By Robert L. Scheier
The term “Great Awakening” sounds almost spiritual, and for good reason: It’s the term historians use to describe periods of religious revival in U.S. history.
IDC analysts used the term repeatedly in a February 9 Webcast on “Predictions 2012: Disruption Ahead in the Global Services Market” in which they forecast that 2012 will be the year outsourcing customers, and providers, take the big leap of faith and move to the cloud big time.
“Cloud-based HR systems are having a disruptive effect,” said Lisa Rowan, Program Director, HR, Learning and Talent Strategies at IDC. “The big services firms are seeing the SaaS model gain a lot of traction in HR and considering how they are going to respond.” Proprietary cloud-delivered applications will help lower costs, and will “become the norm” for mid-market customers, she predicted.
Traditional HR BPO providers are now also competing with software vendors who have acquired providers of cloud-based HR software, said David Tapper, IDC’s Vice President of Outsourcing and Offshore Services, citing SAP’s acquisition of SuccessFactors and Oracle’s acquisition of Taleo.
Service providers, likewise, “are starting to get serious about the cloud and starting to respond to competitive pressures, to transform their traditional infrastructure hosting model into an automated, self-service type of cloud model,” said Melanie Posey, VP, Hosting and Managed Network Services.
Tapper said IDC surveys even show a precise level – 42 percent savings, or a two-year payback – as the trigger at which customers will “rip and replace” their existing infrastructure with a cloud offering.
From my recent talks with IT executives, this sounds a little premature. Yes, the cloud is big and getting bigger, but it’s more a vaguely defined model of computing than a specific “yes” or “no” technology choice. It means virtual servers, storage and networks providing elastic, pay-as-you-go services over the Web. But beyond that, you’re into religious wars over definitions and (more importantly) tough choices about what form of cloud to use when.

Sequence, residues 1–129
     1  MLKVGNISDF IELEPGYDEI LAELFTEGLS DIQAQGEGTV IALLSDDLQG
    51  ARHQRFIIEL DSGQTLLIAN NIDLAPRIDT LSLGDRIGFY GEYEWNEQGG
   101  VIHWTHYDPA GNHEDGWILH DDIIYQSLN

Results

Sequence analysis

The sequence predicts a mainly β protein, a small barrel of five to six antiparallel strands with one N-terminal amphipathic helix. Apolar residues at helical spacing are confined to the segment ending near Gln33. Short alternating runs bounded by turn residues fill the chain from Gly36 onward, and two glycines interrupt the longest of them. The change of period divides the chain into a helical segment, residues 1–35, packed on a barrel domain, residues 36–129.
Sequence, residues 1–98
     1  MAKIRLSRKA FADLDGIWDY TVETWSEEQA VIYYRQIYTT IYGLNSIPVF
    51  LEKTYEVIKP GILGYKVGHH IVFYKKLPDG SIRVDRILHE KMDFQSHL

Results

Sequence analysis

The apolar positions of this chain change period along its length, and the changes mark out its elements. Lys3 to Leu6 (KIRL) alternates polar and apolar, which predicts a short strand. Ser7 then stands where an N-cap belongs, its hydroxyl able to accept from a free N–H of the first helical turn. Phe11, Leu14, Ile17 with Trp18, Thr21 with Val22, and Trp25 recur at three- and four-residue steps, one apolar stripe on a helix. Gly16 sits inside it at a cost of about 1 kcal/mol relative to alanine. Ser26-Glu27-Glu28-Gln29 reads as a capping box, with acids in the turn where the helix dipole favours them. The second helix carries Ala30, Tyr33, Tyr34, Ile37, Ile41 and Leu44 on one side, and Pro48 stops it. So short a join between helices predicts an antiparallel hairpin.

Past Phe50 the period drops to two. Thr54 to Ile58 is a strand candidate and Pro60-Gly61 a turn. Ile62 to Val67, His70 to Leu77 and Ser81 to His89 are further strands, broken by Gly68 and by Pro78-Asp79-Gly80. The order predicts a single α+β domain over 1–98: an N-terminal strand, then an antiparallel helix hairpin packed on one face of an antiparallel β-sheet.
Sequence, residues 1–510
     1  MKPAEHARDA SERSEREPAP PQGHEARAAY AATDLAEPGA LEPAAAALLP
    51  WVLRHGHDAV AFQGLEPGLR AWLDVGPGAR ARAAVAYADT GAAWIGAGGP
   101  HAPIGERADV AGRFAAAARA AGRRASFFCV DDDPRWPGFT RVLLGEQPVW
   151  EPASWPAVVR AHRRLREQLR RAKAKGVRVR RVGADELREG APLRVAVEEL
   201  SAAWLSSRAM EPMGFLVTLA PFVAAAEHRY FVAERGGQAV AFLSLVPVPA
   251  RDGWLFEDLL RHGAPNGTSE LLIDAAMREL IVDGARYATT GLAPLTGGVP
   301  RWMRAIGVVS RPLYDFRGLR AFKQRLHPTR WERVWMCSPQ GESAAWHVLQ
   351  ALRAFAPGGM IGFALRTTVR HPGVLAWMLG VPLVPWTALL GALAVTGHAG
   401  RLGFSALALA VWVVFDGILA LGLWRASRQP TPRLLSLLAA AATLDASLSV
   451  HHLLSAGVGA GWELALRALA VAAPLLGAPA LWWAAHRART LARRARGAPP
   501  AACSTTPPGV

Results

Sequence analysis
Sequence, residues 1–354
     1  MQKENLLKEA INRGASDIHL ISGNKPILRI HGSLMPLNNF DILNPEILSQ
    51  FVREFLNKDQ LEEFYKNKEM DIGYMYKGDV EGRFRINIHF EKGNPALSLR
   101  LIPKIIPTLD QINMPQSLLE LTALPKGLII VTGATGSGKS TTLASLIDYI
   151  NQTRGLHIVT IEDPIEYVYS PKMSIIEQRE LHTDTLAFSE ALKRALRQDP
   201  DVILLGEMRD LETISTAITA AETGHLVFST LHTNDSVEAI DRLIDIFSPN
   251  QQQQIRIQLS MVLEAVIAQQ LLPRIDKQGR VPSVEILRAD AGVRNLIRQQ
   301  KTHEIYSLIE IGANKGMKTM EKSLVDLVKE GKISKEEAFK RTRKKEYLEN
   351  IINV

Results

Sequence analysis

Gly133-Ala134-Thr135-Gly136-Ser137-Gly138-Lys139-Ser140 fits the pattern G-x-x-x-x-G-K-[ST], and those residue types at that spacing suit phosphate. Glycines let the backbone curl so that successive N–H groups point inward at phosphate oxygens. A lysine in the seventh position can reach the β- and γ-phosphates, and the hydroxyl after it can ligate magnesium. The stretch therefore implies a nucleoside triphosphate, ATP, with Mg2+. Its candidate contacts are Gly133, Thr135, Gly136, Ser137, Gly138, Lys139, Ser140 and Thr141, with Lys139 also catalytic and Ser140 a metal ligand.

The IT decision-makers I speak to are, frankly, unconvinced the cloud is secure. That 42 percent savings won’t mean much to a CIO if their cloud-based Web storefront crashes two hours after your Super Bowl ad played. A board of directors won’t be impressed with the lower IT costs, or even the “best practices” embedded in a cloud-based HR application, if a hacker breaks into it and publishes your candid assessments of job candidates.
Then there’s the question of how one calculates the 42 percent savings. Does that include assessing and managing a cloud vendor? Is it for a private cloud within your own data center, a public cloud at a supplier or a hybrid? Does it assume the same uptime and performance as your own data center? And what about disaster recovery and business continuity?
On both the IT and business process outsourcing side, service providers need to move beyond the current model of growing their businesses by adding increasingly expensive staff. Off-the-shelf, cloud-based business process as a service (BPaaS) that can be inexpensively sold to multiple customers is one answer. To compete with software vendors offering, say, HR software over the Web, they may need to offer specialized consulting services or even get out of “me too” areas where they can’t add value. And in some areas like testing, cloud-based “pay as you go” servers may soon be a cost of entry for service providers.
But with all the various cloud models (public, private, hybrid) and delivery channels (Infrastructure-, Platform-, Software- and Business-Process-as-a-Service) to choose from, service providers and customers will pick and choose carefully where the cloud makes sense. Instead of rushing forward in a “Great Awakening” they’ll make some coffee, look out the window and see how their neighbor’s doing before joining the parade.